Internet by Islamist terrorist organizations has increased the
threat of homegrown terrorism in the United States because individuals can essentially self-radicalize over the Internet.
Since then, about a month ago, a college student in Florida plead
guilty to a charge of material support for terrorism. According to
the plea agreement, the student admitted to producing a video that
he uploaded to YouTube which demonstrated and explained in Arabic how a remote-controlled toy car could be dissembled and the
components converted into a detonator for an explosive device. The
student admitted in the court papers that in producing the video,
he intended to help those who wanted to attack American servicemen and servicewomen.
So we are here today to learn more about the ideology behind
terrorism, the ideology that inspires people, including young people
like the student in Florida, to take such hateful, violent, and antiAmerican actions.
The 9/11 Commission Report, I think, outlined quite eloquently
and succinctly the dual challenges that we face. It is said, and I
quote, Our enemy is two-fold. They mentioned specifically alQaeda, a stateless network of terrorists that struck us on September 11, 2001, and second, a radical ideological movement in
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the Islamic world inspired in part by al-Qaeda, but I would add
not only inspired by al-Qaeda, but that al-Qaeda is in effect a result of that radical ideological movement.
Our first witness on the first panel is Maajid Nawaz. He will
offer the Committee insights into that ideology and the role it
played in driving him to become a member at age 16 and eventually a leader of the Islamist extremist organization Hizb ut-Tahrir,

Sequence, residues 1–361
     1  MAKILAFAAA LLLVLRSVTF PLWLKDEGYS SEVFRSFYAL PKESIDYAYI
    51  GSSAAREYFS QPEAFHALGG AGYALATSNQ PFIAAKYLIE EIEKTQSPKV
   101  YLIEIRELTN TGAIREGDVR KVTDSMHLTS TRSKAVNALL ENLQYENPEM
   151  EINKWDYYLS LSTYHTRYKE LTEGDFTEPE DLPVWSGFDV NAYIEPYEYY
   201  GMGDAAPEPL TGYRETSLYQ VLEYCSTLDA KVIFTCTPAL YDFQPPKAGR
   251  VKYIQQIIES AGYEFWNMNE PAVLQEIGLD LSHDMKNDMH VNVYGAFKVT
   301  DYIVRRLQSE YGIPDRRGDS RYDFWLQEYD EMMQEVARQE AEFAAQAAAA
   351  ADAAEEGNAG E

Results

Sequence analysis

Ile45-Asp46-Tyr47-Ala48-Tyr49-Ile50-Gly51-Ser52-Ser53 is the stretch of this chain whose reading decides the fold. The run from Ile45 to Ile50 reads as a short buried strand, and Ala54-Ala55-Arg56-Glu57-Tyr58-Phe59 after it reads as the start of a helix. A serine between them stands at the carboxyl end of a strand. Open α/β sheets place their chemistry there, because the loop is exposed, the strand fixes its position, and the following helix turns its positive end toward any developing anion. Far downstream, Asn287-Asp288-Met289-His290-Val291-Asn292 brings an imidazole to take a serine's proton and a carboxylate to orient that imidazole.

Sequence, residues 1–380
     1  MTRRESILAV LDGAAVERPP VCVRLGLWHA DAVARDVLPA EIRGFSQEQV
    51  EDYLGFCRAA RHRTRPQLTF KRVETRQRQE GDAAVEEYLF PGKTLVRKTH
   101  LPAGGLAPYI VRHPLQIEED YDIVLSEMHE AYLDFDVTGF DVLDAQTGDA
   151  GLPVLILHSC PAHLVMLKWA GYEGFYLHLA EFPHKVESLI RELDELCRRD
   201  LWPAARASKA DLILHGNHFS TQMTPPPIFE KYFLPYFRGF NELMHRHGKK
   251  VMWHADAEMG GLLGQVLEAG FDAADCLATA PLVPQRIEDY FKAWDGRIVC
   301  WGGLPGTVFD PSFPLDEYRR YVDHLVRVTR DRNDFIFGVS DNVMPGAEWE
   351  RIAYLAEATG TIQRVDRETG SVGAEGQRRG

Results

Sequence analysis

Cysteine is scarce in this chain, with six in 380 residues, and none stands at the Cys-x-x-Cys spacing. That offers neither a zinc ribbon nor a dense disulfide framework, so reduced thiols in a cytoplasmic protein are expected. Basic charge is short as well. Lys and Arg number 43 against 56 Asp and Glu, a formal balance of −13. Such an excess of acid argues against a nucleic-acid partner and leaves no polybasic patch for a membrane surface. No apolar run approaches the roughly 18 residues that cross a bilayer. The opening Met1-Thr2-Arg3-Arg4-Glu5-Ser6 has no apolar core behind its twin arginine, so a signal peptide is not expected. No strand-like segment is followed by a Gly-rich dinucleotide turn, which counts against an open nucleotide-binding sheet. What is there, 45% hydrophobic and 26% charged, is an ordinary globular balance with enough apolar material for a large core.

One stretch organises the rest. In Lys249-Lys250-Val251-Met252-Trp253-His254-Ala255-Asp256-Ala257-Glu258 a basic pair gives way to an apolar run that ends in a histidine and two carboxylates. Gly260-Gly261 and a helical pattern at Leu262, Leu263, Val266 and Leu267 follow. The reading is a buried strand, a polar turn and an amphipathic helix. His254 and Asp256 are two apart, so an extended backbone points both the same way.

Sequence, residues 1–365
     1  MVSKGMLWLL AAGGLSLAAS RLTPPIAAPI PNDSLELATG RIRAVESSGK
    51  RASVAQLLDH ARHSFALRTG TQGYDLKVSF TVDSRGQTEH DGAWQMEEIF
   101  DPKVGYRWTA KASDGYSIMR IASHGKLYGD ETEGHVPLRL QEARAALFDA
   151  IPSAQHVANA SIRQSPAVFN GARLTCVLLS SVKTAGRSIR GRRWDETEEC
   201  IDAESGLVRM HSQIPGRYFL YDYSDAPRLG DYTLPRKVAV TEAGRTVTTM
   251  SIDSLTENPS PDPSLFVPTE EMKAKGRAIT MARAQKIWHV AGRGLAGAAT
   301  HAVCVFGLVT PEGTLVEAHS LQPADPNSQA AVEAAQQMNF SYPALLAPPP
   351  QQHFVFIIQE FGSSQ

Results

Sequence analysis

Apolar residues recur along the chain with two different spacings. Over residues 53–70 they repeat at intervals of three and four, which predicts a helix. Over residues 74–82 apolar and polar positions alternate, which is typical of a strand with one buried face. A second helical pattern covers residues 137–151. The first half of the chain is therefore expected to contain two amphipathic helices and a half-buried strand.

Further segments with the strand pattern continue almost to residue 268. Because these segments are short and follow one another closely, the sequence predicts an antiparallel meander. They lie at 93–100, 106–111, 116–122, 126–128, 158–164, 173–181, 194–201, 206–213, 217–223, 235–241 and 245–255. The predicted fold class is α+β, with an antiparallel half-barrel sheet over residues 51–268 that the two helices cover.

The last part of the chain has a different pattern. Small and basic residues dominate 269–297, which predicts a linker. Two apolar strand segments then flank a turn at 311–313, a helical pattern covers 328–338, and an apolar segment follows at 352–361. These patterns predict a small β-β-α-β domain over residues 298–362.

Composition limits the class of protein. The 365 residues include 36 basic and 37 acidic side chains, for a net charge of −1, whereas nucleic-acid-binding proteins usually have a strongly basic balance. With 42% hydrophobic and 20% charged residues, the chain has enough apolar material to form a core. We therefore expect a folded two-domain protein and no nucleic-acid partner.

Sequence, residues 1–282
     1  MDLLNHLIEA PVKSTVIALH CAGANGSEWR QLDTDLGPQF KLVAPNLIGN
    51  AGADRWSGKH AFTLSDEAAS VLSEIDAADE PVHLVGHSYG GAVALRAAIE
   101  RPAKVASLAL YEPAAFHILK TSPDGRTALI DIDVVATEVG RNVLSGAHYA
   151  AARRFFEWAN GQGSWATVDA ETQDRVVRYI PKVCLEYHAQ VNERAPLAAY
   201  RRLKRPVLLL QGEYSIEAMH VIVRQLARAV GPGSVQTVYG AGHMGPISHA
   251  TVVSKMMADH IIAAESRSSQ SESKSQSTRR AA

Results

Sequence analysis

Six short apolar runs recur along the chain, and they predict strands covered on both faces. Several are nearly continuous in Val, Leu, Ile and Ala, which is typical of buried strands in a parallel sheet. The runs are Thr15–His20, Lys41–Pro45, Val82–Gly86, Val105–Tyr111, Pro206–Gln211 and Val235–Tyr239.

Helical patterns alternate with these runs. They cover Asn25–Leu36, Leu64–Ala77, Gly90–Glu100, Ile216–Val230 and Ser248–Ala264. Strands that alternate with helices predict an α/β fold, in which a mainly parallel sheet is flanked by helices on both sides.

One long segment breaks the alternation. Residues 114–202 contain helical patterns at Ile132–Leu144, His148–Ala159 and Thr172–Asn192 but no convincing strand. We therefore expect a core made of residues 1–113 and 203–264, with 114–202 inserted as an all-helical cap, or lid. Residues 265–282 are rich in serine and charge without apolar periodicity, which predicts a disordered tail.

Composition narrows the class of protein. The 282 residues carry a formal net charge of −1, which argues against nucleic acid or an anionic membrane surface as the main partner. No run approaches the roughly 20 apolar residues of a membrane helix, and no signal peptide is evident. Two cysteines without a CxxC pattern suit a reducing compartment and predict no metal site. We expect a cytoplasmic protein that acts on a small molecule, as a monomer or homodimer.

or the Liberation Party, in the United Kingdom. Although Hizb utTahrir, which is called for short HT, claims that it is non-violent,
the exposure of its members to a very extreme form of Islamist ideology seems often to have laid the foundation for the planning and
execution of terrorist attacks. Mr. Nawaz recruited others, including his own family, to join HT and was sent to Pakistan and Denmark to set up additional cells. He was later arrested in Egypt in
2002 for being a member of the organization, and in fact was in
prison for 4 years.
Upon release, Mr. Nawaz returned to England, where he eventually denounced the organization and the ideology that was at its
foundation. Today, Mr. Nawaz is one of two directors of the
Quilliam Foundation in the United Kingdom, a counterextremism
think tank committed to discrediting the Islamist ideology that inspires Islamist terrorism around the world.
Mr. Nawaz, it is my understanding that this is your first visit
to the United States and I wanted to extend a personal welcome
to you, but also a thank you to you for making the effort to travel
this distance to testify before our Committee. I believe your testimony is very important to our purpose.